Tuesday, January 17, 2012

What is this Ancestry.com Feature Called? And more questions...

A Genea-Musings readers emailed me on Monday saying:

"I ask you to Google the name of one of your ancestors, perhaps an uncommon name.  One of the responses will be on ancestry.com  .  Click on that, go in, and take a look.  It is the most disgusting mess of misinformation imaginable.  

"I Googled my own father, xxxx yyyy zzzz [name hidden for privacy reasons] (1906-1983).  It gives some fairly accurate information about him, but says the names of his two children are private--but includes, in his information, links to our birth records.  Not very private, eh?.

"There are "possible" photos of these people.  In the few I looked at, none of them were a match for my ancestor.

"Maybe this is a commonly known outrage, but, if it is not, please consider breaking the news to us people who care deeply about correct information."

I did as my reader suggested, but because most of my family members have appeared numerous times in my blog, it was difficult to find the Ancestry.com link she mentioned.  so I used her father's name and found it easily.  

The Ancestry.com "database" page she found is http://records.ancestry.com.  Here is a screen shot of it:

The first name I entered was "della carringer" (a married name), as shown above.  The resulting page was:

The header says "Della A. Carringer (1862 - ....  )" and provides a list of historical records on Ancestry.com, including her death record in California.  There are four pictures at the top of the listing, but none of them are for my Della Carringer.  On the right, below the search box, is a listing that shows an unknown father, a mother (Abbie A. Smith, a married name), and no spouse or children.

I clicked on the 1920 U.S. Census link and saw:

The 1920 U.S. Census record is shown, with Della A. Carringer (Della A. Smith) at the top of the record.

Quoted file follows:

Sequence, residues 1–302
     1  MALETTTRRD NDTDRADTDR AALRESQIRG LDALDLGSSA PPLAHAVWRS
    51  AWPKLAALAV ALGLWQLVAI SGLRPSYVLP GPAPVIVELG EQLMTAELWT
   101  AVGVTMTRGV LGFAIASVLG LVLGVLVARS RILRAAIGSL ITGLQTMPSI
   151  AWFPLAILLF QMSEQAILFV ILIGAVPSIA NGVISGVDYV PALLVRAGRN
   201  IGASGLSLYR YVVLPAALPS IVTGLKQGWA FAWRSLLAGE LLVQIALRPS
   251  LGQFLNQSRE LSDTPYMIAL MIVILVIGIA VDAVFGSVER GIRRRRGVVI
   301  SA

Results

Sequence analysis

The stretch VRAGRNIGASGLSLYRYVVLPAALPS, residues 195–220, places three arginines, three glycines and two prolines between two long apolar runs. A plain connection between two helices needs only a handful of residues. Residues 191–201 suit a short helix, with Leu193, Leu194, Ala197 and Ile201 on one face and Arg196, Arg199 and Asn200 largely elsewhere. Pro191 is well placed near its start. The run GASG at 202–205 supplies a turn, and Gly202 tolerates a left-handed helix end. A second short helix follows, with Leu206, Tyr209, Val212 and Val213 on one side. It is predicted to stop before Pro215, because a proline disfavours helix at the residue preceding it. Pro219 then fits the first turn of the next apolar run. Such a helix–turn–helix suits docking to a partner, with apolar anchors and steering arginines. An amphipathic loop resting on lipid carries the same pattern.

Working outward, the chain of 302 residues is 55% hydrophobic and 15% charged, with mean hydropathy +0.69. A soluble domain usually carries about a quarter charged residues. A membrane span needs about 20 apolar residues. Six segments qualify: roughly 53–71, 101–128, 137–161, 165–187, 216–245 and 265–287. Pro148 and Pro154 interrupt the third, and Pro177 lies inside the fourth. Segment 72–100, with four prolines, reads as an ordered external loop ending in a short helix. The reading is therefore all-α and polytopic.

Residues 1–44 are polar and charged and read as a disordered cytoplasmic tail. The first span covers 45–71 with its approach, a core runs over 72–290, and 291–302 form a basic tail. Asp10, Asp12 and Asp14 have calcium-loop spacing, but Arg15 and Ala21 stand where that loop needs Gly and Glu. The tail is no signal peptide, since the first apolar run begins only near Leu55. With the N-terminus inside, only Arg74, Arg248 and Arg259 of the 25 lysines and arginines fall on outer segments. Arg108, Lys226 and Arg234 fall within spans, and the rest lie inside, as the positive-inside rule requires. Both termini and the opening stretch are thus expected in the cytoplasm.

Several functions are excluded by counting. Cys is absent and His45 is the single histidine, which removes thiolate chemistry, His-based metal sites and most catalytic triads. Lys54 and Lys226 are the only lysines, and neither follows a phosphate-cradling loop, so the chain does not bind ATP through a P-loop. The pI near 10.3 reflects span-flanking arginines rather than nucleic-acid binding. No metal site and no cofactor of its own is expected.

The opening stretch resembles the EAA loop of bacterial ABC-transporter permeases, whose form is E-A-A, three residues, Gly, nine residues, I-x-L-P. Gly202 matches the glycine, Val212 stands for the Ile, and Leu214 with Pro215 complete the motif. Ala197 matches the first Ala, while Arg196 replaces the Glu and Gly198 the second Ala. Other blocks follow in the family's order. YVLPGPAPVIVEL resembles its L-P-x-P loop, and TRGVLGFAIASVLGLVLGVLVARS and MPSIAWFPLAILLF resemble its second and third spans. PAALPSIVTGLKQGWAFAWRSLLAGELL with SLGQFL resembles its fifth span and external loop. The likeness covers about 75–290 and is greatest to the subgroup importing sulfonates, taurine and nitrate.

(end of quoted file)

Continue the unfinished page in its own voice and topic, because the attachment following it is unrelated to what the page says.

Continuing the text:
I searched for Della's husband, Henry Austin Carringer (1853-1946), and it found no records.  I searched for just "Henry Carringer" and got records for only "Henry Herman Carringer."  Strange...there are several Henry Carringers in the records and all of my people are well documented in at least two Ancestry Member Trees.

I clicked on Della's mother's name (Abbie A. Smith), a married name) and saw:

It got her birth date right, but did not have her maiden name or death date.  The birth date could have come from a census record.  The pictures shown are not hers.

What about my parents?  I put in my father's name "frederick seaver" and saw:

It found three pictures that I uploaded to an Ancestry Member Tree, plus a school yearbook record I've never found (it is my father's!).  It had his middle initial and his birth date, but not his 1983 death date, although it listed his death record in the links.  It listed his parents names, but not his wife and children.  It found the 1920 and 1930 US Census, plus that of his sister, Ruth.  There were several other Frederick Seaver persons in the records - why did it pick this one?

I put my mother's name in "betty carringer" and saw:

There were two names on this page - the "Living Carringer" is my mother.  It correctly names her parents.  I clicked on the link for "Living Carringer" and saw:

 The page above is titled "Living Carringer" with no dates, with parents names, but no spouse and children.  The pictures are not of my mother.  The five links include the 1920 and 1930 census records with my mother's family, but the other three census links are not her family.

I entered "Charles Auble" and received a list of four candidates, but not my guy (1849-1916).  I clicked on one of the matches and there was a picture of my Charles that I had uploaded to my Ancestry Member Tree.